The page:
TV Writers Abroad

I just got back from Germany, and part of my trip there was devoted to teaching the principles of American TV writing & producing to German writer/producers and network executives with my friend Bryce Zabel. Today on his blog, Bryce sums up the experience perfectly:

The work was very fun, working for a company that facilitates
interaction between U.S. writers and international clients. The idea
here was to share some of the tricks of the trade the U.S.
television industry has learned in order to crank out orders of 22
episodes a season at a factory-like pace. More on that in future posts,
I’d imagine. Let me just say that if anything is holding back German
television it’s not the energy, creativity or ideas of their writers
but the structure of their system which doesn’t allow them to work
together often enough to achieve the greatness they’re capable of. That
seems to be changing. Everybody I met was extremely bright, talented
and motivated to make a better product so the chances are they will,


4 thoughts on “TV Writers Abroad”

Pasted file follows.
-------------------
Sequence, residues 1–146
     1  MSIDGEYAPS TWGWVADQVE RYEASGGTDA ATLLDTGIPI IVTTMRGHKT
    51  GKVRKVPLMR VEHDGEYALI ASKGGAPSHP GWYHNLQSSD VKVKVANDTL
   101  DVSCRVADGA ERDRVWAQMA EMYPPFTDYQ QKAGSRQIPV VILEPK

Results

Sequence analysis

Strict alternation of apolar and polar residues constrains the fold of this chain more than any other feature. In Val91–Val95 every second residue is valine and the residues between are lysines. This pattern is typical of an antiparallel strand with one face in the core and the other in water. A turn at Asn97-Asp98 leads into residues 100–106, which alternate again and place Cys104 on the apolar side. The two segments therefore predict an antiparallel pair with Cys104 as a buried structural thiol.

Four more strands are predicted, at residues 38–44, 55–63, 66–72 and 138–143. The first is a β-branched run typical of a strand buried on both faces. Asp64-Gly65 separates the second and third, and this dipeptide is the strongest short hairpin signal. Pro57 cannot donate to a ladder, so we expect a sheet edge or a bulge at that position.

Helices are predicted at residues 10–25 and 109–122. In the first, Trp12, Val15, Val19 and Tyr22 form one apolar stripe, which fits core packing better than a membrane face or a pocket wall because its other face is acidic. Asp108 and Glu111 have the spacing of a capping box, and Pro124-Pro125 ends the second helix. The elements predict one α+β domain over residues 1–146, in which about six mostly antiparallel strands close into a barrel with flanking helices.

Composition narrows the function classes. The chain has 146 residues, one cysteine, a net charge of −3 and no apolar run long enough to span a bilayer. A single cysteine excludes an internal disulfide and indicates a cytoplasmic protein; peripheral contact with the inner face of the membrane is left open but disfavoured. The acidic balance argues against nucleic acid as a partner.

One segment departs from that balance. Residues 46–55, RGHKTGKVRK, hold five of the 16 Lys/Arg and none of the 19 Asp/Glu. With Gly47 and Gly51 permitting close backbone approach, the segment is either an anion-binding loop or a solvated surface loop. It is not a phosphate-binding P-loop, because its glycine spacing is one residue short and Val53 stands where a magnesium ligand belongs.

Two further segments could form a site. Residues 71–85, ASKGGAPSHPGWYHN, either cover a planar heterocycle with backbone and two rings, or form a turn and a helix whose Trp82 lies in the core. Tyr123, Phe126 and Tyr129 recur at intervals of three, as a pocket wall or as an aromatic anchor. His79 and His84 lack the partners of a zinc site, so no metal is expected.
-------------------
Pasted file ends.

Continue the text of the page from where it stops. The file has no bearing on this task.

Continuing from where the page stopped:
1. One of them wrote to me based on my comment on this blog about my WWII story of the Battle of the Hurtgen Forest. He was curious about the difficulty of writing about something from so long ago and so far away that happened to be “in his backyard” as he put it.
    It’s easier than it might sound, with extensive archives and comprehensive histories including the memoirs of the soldiers my father’s included at the head of the list. And Google Earth. He said Germans have sort of erased the collective memory of that turbulent time. We sure haven’t and with good reason.
    He said there was a lot of work in television writing there and he could pay for a farmhouse in a rural village. That’s impressive from where I’m sitting in LA where I can’t make ten cents writing anything. Yet.

  2. “German TV used to have a cool show called Tatort( Crime Scene) on ZDF.”
    Used to? It’s still on regularly (new episodes and repeats)! I’m not so sure about the “cool”-part, though…


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